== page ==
Attack method: blackmailing

Persuasion principle: fear

Scenario 3

A Saudi girl was convincing others via her Twitter account that she was violated by her family. She posted fake pictures of violence, and asked others for support. Some people were convinced by this idea and supported her by retweeting her tweets and mentioning the human rights commission to provide help for her. She was trying to manipulate people’s brains and letting them believe that her country did not support her, so many people were convinced and her story was a trend in Saudi Twitter. After a while, the girl migrated to another country claiming that that country was a safer place and would provide her freedom and peace. After her migration, she was posting pictures of her new life, and she was describing how happy she was. Investigations showed that all of this scenario was supported by other entities who aimed to threaten Saudi national security by convincing teenagers that their country was not capable of providing them their rights and convinced them to migrate. Based on SEAST taxonomy this social engineering attack can be defined as follows:

Social Engineer: group

Victim: group

Goal: political

Attack method: spreading rumours

Persuasion principle: sympathy

Scenario 4

A Twitter user posted a tweet that contained a picture of a phone keypad along with words such as money, food, friends, travelling, shopping, coffee, laugh, love, and music, where each number on the keypad represented a word (as shown in Figure 4). He wrote, “Your mobile password specifies the most things you need in your life.” Many people were curious so they replied to that tweet and shared their passwords using their needs to have fun. Based on SEAST taxonomy this social engineering attack can be defined as follows:

Social Engineer: individual

Victim: group

Goal: unauthorized access

Attack method: phishing

Persuasion principle: curiosity

Scenario 5

In Saudi trending hashtags, there were many tweets that contained fake news and a link. The tweet didn’t contain the full news to let the user be curious and visit the link to read the more about the news. Instead, once the user visited the link, he could not find any useful information, rather he found an add or unrelated materials. By this way, the attacker reached his goal, which was making users click and visit the link where the attacker benefitted from this action financially due to the number of visits. Based on SEAST taxonomy this social engineering attack can be defined as follows:

Social Engineer: individual

Victim: group

Goal: financial

Attack method: phishing

Persuasion principle: curiosity

Scenario 6

A hacker ran a Twitter account as a bank customer service, and he disguised himself using the logo of the bank. When people contacted that account for support, the hacker claimed that he could not solve the issue for the user until he got the user’s bank credentials. Once the hacker got the user’s bank credentials, he deleted his account. Based on SEAST taxonomy this social engineering attack can be defined as follows:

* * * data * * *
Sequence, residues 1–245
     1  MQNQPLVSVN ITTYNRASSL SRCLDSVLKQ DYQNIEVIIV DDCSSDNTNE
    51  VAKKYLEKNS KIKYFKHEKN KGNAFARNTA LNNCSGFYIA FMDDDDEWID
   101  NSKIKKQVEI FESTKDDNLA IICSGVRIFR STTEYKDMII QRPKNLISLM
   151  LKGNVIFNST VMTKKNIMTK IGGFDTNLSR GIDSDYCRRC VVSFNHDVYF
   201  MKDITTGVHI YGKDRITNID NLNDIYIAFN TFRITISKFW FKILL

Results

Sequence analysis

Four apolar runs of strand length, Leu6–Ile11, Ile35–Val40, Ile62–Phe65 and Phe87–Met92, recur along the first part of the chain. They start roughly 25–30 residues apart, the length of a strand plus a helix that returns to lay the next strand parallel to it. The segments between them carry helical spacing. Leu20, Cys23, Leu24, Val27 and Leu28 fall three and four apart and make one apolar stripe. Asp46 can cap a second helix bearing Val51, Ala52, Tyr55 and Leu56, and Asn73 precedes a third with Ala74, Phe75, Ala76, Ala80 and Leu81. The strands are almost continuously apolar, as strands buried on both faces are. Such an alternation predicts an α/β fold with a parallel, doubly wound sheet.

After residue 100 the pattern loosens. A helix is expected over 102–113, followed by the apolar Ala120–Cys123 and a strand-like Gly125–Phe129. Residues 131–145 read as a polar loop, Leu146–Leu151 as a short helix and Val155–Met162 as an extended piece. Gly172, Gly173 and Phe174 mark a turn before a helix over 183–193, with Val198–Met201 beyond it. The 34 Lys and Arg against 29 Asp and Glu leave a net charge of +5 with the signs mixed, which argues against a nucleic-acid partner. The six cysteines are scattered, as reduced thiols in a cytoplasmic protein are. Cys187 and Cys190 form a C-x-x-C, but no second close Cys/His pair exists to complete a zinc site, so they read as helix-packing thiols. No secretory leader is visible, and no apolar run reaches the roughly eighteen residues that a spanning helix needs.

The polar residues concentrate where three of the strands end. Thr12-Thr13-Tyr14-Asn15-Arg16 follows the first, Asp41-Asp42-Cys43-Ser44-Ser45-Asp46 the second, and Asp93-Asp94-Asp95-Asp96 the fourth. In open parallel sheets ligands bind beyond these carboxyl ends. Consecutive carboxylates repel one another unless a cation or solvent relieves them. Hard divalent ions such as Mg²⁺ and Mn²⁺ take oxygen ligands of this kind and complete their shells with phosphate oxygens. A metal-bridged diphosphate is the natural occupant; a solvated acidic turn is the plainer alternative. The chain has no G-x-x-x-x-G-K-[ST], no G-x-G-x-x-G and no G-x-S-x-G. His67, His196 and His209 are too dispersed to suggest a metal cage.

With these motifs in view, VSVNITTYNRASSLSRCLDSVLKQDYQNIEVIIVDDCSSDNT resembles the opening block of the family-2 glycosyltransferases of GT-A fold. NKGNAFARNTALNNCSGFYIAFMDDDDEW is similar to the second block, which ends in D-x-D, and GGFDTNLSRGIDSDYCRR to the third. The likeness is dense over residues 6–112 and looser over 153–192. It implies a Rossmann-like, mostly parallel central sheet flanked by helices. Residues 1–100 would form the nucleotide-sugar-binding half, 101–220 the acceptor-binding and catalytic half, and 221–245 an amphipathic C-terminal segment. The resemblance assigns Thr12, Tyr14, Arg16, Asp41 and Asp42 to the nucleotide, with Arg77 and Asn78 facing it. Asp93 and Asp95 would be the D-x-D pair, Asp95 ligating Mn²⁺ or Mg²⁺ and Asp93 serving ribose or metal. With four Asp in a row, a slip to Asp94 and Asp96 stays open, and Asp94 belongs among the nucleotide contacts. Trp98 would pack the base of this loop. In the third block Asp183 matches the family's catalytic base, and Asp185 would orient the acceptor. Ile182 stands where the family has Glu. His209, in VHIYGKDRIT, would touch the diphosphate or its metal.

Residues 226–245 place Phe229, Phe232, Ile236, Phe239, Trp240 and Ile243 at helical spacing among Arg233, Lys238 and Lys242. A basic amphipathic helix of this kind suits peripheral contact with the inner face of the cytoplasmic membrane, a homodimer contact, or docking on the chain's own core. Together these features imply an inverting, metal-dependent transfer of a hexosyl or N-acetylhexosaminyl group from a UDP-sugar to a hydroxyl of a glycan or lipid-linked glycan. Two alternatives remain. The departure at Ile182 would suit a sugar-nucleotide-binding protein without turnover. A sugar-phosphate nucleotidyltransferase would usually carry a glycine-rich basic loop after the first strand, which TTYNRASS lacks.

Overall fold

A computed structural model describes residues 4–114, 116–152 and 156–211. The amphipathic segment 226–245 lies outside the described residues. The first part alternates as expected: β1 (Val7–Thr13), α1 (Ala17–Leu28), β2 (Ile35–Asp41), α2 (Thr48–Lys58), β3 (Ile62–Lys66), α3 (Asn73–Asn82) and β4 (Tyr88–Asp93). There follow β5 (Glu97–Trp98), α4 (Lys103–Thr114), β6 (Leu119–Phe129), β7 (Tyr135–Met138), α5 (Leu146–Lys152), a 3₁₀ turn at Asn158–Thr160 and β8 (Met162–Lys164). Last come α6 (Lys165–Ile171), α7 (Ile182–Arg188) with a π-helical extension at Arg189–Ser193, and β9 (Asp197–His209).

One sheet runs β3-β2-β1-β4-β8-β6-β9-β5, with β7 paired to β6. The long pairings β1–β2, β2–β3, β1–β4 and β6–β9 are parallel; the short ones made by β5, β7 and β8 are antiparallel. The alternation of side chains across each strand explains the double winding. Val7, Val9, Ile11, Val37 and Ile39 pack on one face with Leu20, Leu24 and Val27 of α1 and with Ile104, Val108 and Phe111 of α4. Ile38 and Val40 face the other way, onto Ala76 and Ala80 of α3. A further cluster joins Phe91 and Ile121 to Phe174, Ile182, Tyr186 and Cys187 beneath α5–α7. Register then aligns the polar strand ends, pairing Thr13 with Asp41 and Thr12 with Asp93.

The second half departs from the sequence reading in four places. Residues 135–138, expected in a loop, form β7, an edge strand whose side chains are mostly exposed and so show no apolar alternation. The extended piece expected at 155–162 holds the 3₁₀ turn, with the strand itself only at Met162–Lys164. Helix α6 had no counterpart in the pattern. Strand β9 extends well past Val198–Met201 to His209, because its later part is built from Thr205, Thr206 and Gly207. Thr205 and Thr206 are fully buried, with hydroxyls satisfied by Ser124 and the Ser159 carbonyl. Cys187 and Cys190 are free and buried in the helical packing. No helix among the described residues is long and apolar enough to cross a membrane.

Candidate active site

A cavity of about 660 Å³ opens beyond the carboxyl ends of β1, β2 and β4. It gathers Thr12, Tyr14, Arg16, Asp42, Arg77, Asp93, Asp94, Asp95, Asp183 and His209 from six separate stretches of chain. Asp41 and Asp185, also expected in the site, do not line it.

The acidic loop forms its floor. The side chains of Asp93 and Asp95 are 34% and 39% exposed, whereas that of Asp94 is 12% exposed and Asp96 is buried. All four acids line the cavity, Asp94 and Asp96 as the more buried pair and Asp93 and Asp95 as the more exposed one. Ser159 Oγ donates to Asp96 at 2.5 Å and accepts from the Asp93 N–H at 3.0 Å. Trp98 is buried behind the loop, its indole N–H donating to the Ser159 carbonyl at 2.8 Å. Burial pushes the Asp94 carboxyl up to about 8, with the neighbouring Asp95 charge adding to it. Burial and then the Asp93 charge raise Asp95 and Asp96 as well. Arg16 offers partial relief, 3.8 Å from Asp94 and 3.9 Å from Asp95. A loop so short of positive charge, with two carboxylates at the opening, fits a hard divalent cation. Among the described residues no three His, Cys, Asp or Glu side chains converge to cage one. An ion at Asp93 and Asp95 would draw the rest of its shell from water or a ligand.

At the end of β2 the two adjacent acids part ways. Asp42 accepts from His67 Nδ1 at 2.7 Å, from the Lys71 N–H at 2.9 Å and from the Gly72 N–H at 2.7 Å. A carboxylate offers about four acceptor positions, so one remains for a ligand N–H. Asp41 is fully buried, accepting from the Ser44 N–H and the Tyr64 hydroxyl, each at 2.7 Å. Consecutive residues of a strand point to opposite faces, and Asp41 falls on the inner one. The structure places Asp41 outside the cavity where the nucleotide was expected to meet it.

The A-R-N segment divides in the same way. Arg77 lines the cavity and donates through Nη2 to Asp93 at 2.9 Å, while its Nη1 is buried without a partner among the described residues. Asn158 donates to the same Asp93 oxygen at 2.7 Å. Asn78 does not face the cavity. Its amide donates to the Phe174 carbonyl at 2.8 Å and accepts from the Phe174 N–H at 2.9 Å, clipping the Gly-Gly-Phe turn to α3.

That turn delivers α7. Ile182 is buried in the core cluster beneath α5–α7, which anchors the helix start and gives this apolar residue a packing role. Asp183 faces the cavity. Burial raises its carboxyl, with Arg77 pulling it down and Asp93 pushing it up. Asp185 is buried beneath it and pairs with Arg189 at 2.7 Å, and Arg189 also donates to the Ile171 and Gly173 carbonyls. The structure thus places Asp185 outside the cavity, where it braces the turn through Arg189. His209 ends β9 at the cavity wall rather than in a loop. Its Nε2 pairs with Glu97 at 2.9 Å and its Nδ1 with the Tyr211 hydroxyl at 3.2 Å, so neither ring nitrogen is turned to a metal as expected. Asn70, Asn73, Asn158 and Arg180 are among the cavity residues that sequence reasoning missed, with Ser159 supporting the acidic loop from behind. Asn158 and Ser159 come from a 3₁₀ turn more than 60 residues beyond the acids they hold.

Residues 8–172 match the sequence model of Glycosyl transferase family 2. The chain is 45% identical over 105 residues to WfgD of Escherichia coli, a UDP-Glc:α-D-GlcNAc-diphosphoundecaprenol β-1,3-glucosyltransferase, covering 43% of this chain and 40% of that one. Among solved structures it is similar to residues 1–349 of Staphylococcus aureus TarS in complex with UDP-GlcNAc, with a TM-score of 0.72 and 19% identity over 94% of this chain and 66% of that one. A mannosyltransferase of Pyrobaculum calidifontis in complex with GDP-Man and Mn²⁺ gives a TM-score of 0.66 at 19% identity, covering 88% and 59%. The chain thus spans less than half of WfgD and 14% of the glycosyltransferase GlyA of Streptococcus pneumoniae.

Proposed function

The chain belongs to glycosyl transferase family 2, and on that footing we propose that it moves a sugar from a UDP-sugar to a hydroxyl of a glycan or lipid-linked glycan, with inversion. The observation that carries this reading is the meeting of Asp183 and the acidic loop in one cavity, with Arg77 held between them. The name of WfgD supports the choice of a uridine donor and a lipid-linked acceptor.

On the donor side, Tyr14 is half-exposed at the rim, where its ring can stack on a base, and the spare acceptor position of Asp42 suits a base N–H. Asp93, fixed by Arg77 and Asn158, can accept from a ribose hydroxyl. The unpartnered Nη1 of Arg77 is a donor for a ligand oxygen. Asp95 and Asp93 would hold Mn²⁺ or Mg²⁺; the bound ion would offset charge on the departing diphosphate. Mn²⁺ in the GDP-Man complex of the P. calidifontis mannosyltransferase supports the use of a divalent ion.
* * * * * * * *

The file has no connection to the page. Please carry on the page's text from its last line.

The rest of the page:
Social Engineer: individual

Victim: group

Goal: financial

Attack method: impersonation

Persuasion principle: trust

Scenario 7

A hacker published a fake link in Twitter that redirected users to a web tool that asked for the user’s Twitter account credentials for the purpose of giving the user information and statistics about who was visiting their profile every day. The hacker exploited people’s curiosity about who visited their profile, read their tweets, and cared about them. In this way, the hacker stole the user’s account. Based on SEAST taxonomy this social engineering attack can be defined as follows:

Social Engineer: individual

Victim: group

Goal: unauthorized access

Attack method: phishing

Persuasion principle: curiosity

FUTURE WORK

For future work, the proposed taxonomy can be used to automate the detection of social engineering attacks in Saudi Twitter feed. Using machine learning algorithms and SEAST taxonomy, a model can be developed to detect social engineering attacks in Saudi Twitter in an automated way. The developed model will make use of the categories and definitions identified by SEAST taxonomy.

 

CONCLUSION

Security issues are one of the most important issues that also takes the biggest attention of countries’ leaders. Social media and especially Twitter are constituting a real threat on the national security level as it is being used for publishing extremist thoughts and terrorism. This study analyzed social engineering attacks in Saudi Twitter feed and proposed a taxonomy of social engineering attack in Saudi Twitter (SEAST).

As a result of this study, there are five main entities that can be used to classify a social engineering attack in Saudi Twitter: social engineer, victim, goal, attack method, and persuasion principle. The victim and the social engineer can be an individual or a group. The goal can be political, financial, gaining unauthorized access, discrediting, and gaining fame. For the attack method, it can be identity theft, spreading rumors, fraud, defamation, phishing, establishing relationships, taking advantages of influencers, impersonation, and blackmailing. There are ten persuasion principles used by the hacker to reach his goal: Commitment, authority, trust, social validation, reciprocity, scarcity, sympathy, curiosity, provocation, and fear. Finally, section 4 of this study showed real-life attack scenarios, and analyzed and categorized them using SEAST taxonomy.

 

AUTHORS’ CONTRIBUTIONS

Authors have contributed equally to this paper. They all have participated in identifying the issue and developing the solution as well as the writing.